International Energy Agency

The International Energy Agency (IEA) is an independent organization based in Paris whose aim is to ensure a reliable, affordable, and clean energy supply in the long term. The IEA was founded in response to the 1973–74 oil crisis and is currently made up of 28 member countries. In the field of nuclear fusion, the IEA supports a total of nine research programmes which aim to strengthen international cooperation between the fusion laboratories in its member countries. The research programmes cover almost the entire spectrum of topics in fusion research: physics, technology, materials research, safety aspects, and the social acceptance of fusion as an energy source. Research and development activities relevant in particular to ITER and subsequent power plants such as DEMO are conducted within the scope of IEA Implementing Agreements. Forschungszentrum Jülich manages and coordinates an IEA Implementing Agreement focusing on the topic of plasma-wall interaction. Along with Jülich’s Institute of Energy and Climate Research – Plasma Physics, institutions in Japan and the USA are also involved. The collaboration’s main priority is the investigation of wall materials, including those subjected to neutron irradiation, using diverse linear plasma facilities.

Fusion for Energy

Fusion for Energy (F4E) is an institution of the European Union. It was created in Barcelona in Spain by a decision of the European Council. F4E is responsible for the European contributions to ITER. To this end, it advertises and finances work packages on a Europe-wide basis. In addition, F4E coordinates the research activities within the framework of the Broader Approach agreement between the European Union and Japan in order to realize not only ITER but also other important experiments – such as a neutron source for investigating materials for power plants (IFMIF), a supercomputer (IFERC), and a satellite tokamak (JT60-SA). Finally, F4E is already involved in promoting research activities for DEMO, the first real fusion power plant to follow ITER, which is expected to start operations around 2040 and will feed electrical energy into the grid for the first time.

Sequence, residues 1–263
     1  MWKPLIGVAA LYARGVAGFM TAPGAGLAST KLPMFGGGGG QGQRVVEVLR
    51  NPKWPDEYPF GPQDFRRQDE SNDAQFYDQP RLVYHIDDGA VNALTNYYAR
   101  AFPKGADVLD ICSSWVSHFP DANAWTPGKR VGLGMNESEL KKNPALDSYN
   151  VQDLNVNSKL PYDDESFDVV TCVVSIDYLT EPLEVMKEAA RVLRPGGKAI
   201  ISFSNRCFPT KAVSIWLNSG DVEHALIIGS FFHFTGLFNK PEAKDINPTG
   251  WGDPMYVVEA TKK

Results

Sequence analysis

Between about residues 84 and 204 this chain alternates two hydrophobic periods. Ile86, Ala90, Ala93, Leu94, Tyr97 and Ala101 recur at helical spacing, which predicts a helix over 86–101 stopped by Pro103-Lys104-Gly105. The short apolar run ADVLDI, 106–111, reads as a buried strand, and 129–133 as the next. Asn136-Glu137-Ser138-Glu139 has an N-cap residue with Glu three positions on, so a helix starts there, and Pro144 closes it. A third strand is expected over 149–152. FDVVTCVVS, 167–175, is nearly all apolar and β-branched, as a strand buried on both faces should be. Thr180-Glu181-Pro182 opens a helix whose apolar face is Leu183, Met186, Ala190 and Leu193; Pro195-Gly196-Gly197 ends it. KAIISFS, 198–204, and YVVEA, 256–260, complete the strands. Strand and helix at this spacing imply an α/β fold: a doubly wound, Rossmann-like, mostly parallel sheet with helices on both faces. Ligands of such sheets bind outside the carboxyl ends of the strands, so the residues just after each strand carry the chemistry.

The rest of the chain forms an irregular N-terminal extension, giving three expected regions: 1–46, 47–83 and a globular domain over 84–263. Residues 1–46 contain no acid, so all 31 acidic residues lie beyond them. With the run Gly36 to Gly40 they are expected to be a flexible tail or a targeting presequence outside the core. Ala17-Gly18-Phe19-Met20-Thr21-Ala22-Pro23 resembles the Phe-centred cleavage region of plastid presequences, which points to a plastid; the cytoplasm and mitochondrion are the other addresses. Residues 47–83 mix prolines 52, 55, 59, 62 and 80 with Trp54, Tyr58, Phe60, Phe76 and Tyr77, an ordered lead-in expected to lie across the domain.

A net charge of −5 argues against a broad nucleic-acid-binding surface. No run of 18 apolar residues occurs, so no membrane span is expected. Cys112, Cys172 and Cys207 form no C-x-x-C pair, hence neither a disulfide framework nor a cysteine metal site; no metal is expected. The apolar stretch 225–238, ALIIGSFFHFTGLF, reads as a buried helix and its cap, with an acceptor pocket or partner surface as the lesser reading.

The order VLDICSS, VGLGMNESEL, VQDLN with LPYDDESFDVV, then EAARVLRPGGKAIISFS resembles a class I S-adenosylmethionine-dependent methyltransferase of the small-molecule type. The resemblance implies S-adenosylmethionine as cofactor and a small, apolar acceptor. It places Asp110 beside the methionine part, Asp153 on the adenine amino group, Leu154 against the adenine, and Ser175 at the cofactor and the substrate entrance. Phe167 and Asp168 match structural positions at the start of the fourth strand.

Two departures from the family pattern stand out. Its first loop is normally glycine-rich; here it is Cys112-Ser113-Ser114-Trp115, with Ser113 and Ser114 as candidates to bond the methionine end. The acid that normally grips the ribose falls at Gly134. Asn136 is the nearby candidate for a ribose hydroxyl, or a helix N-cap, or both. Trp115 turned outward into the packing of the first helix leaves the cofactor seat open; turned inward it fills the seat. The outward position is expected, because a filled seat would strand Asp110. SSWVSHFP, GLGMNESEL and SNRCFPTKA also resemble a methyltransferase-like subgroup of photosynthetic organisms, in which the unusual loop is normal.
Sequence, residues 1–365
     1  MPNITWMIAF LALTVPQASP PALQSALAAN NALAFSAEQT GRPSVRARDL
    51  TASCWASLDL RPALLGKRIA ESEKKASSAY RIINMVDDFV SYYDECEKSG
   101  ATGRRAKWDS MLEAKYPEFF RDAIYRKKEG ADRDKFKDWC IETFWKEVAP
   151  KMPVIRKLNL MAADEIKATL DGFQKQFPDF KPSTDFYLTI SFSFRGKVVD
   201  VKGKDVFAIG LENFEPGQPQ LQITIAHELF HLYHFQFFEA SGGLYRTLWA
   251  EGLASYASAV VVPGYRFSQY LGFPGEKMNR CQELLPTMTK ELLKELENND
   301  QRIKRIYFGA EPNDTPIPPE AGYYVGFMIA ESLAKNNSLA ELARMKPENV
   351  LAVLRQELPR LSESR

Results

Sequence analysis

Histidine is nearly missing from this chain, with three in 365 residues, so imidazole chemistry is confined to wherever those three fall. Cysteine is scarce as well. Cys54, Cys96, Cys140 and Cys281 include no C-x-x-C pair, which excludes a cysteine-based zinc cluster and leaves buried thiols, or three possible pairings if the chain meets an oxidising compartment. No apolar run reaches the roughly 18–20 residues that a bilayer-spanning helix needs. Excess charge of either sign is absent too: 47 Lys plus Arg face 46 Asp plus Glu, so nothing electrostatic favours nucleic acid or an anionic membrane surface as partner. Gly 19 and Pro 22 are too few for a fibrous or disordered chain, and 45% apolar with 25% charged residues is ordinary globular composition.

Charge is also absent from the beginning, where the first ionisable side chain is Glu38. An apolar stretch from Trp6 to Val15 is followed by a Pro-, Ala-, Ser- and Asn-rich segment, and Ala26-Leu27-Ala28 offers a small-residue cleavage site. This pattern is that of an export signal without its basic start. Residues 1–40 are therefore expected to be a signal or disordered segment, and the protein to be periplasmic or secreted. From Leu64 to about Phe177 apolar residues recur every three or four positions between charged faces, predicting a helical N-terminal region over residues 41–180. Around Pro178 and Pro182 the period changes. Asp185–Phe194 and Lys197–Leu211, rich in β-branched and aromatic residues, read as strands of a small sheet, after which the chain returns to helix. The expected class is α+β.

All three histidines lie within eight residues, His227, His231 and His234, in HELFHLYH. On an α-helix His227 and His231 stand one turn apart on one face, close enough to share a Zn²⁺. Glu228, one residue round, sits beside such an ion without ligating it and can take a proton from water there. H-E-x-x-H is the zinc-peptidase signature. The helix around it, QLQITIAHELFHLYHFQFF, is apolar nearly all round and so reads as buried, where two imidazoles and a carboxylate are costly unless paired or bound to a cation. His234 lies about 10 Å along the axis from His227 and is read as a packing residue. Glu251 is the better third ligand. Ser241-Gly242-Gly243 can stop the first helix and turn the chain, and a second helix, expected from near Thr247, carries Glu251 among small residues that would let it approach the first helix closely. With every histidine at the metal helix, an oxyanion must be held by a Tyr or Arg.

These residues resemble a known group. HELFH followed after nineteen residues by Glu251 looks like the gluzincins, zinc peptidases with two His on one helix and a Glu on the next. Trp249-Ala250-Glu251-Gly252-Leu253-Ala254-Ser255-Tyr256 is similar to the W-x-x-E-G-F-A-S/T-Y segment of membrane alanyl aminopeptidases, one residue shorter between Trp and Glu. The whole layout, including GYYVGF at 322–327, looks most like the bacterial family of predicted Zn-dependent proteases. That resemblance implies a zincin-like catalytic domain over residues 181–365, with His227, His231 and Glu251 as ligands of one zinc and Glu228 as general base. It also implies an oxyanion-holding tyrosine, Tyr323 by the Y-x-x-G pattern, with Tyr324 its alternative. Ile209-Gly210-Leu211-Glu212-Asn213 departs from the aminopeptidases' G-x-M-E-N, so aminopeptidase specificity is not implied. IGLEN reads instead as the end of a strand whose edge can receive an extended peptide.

ITER (Latin for "the way") is the largest international research project of our time. Its aim is to demonstrate that not only is it fundamentally possible to exploit fusion energy – JET has already proven this – but it is also possible to exploit fusion energy safely on a power-plant scale. ITER will use nuclear fusion to generate 500 million watts of power for at least eight minutes for the first time ever. Seven partners have come together to make this aim a reality: the European Union, Russia, Japan, China, India, South Korea, and the USA. ITER is under construction in Cadarache in the south of France. The ITER Organization is staffed by employees from all seven partners. Currently numbering 500, this workforce will be increased to around 1000 when ITER’s operational phase begins.